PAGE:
Kasch pulse recovery test

Kasch pulse recovery test is a simple measure of your general level of fitness; it is a very simple procedure which will help you decide how vigorously you can start on a new exercise programme.

Remember the point of exercise is to improve your well-being; for so many it means an injury, and some even drop dead. Rather test yourself first.

Ten second step test.

This page was last updated by Dr Barrie Lewis on 28th April, 2021.

It is a good way to start a new exercise program. In three minutes you have a simple measure of how fit you are.

So you want to start walking Good. This simple little test will give you an idea just how fast you can advance. It is based on the principle that your heart rate will return to normal more quickly, the fitter you are.

Conversely, the less fit you are, and thus should start your program more gently, the longer it will take your heart rate to return to normal after exercise.

Health care is about benefits versus risks. There is no sense in starting a vigorous exercise program if it could give you a heart attack, right?

This examination is dependent on being able to step up 12 inches (30 cm) with ease, first with one foot, then the other. If you cannot do that because of knee or hip arthritis, then stop reading right here. You will not be able to do the test.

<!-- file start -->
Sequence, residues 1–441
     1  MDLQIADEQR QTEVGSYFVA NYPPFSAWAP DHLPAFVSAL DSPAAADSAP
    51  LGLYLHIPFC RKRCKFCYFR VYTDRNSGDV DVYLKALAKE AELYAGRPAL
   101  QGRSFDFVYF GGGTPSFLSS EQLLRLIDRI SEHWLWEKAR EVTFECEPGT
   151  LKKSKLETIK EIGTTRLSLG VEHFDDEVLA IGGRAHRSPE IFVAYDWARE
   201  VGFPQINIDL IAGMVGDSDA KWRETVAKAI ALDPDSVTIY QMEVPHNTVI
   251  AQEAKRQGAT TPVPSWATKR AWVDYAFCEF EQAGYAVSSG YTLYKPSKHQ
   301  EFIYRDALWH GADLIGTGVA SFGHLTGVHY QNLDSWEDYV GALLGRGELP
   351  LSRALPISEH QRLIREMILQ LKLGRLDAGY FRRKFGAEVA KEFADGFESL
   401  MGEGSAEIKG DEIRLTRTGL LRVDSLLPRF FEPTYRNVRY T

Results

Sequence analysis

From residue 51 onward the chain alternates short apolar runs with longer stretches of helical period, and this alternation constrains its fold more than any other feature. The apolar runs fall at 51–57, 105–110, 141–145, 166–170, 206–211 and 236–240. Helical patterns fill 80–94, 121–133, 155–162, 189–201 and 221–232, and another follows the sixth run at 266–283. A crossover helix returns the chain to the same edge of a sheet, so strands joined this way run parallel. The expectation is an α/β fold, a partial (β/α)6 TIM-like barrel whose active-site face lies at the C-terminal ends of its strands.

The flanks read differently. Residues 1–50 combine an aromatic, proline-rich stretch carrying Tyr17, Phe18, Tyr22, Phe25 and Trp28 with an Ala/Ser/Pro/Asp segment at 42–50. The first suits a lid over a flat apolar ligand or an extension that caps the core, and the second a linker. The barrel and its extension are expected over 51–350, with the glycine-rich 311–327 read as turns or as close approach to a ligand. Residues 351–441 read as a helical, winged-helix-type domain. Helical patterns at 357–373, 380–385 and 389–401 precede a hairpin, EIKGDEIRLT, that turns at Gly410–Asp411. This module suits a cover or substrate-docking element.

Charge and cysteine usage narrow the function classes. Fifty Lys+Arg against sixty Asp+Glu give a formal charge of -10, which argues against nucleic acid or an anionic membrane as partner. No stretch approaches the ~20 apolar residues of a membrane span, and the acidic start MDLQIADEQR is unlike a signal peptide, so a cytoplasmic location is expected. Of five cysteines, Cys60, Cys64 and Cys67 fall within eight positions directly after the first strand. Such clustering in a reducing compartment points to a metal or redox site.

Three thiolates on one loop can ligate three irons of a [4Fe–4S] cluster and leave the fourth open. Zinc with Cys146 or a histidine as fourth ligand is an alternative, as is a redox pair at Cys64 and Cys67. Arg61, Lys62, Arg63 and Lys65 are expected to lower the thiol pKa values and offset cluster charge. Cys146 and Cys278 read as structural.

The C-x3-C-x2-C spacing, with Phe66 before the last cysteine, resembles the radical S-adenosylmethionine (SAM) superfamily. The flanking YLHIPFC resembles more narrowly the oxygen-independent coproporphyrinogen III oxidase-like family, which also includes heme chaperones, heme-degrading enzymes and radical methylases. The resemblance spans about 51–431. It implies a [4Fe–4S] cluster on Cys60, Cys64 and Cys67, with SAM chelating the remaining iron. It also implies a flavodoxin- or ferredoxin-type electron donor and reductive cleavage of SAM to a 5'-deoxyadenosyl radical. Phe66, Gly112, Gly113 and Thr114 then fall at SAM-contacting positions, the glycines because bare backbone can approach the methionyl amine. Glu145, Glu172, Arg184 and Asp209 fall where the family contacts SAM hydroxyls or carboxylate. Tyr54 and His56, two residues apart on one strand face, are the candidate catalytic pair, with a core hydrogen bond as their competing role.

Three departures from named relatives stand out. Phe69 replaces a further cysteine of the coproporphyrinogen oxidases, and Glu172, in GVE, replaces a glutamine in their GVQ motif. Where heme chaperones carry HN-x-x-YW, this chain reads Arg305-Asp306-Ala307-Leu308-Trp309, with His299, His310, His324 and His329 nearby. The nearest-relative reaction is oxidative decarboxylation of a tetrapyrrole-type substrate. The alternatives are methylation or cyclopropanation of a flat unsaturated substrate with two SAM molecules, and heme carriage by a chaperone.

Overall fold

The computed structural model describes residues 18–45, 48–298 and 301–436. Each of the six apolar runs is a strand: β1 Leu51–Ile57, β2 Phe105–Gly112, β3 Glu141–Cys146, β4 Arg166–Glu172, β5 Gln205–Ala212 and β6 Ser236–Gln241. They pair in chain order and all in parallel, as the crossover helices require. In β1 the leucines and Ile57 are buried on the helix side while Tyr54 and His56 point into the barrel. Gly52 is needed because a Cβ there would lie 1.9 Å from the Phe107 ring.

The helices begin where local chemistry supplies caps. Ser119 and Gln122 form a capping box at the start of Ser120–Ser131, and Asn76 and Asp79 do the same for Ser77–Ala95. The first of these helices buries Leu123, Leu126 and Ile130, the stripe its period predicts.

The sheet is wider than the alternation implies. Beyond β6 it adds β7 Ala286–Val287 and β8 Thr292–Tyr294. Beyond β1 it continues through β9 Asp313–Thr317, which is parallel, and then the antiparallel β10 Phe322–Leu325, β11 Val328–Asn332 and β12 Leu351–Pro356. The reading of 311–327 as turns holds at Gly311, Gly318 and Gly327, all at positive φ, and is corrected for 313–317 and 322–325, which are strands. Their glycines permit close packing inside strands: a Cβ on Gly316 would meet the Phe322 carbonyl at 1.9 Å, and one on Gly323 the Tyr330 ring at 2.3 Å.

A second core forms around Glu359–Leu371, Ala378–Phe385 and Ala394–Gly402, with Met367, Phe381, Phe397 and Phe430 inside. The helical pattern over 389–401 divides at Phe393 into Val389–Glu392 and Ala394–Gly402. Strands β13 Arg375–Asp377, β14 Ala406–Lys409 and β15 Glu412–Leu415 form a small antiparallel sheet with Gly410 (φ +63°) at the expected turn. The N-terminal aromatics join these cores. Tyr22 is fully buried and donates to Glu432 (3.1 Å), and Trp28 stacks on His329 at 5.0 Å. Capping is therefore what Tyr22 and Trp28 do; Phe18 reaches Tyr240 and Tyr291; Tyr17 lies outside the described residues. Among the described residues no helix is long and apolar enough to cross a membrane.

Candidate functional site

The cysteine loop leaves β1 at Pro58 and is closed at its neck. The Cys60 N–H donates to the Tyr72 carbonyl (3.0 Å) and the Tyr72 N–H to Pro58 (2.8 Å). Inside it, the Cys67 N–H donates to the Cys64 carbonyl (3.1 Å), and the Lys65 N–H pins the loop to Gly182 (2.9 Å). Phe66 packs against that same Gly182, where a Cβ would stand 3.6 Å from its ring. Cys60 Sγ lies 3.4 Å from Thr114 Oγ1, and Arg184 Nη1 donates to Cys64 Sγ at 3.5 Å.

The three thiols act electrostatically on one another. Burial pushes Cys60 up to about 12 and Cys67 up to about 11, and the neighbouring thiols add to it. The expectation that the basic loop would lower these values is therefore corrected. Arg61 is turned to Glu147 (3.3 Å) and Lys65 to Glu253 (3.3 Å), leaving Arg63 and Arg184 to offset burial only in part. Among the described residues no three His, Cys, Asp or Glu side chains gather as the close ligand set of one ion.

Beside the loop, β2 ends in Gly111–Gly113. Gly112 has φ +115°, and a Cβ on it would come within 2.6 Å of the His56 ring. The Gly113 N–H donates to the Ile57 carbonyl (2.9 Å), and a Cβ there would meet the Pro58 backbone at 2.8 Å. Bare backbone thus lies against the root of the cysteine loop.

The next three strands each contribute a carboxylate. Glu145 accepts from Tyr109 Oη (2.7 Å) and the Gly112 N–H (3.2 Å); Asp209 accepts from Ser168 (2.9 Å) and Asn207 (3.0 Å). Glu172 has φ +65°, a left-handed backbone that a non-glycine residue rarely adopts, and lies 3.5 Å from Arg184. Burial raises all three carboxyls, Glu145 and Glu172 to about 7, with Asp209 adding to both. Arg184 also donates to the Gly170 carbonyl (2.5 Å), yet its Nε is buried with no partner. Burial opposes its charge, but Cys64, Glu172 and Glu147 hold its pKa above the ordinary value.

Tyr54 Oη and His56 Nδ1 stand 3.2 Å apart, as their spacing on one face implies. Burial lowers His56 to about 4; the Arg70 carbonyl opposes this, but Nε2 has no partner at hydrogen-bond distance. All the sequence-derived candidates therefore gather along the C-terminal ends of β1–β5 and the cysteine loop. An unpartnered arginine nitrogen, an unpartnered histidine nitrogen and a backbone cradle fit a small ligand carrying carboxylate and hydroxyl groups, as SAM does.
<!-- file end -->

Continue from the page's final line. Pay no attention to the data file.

But both knee and hip arthritis are treatable. Particularly if you do not wait until you are being threatened with total joint replacement; you will most likely have to lose weight, but that is small beer in comparison with the pain, expense and risk of a total joint replacement. Just cut out all refined carbohydrate from your food and gradually the unwanted flab will fall away.

So, find a 12 inch high step and try it a few times. Could you do that for three minutes?

You will need to step up and down 24 times per minute, for three minutes. Roughly once every two-and-a-half seconds. You may need a helper to time you.

Kasch pulse recovery test

Kasch pulse recovery test measure just how quickly does your pulse return to normal after exercise.

  1. Measure your pulse rate for a full minute. Write it down. Normal is around 72 beats per minute. If it is significantly higher, say above 85, then consult your doctor before doing the test.
  2. Wait for the second hand on your watch to reach 12, and then start stepping up and down again using both feet. The rate must be 6x every 15 seconds, fairly accurately. Practise it a few times until you can do the stepping at the right speed.
  3. Go on, try it. I will wait till you come back!

    Perhaps do it for a full minute, and see how you manage with the timing. How are the knees coping, your balance and your breathing.

    Take a break before starting the test proper; three minutes remember.

    Ready, steady, GO! Three minutes, 24 times in 60 seconds, without stopping or resting.

  4. EXACTLY one minute after you have stopped, measure your pulse rate again. Write it down so you do not forget!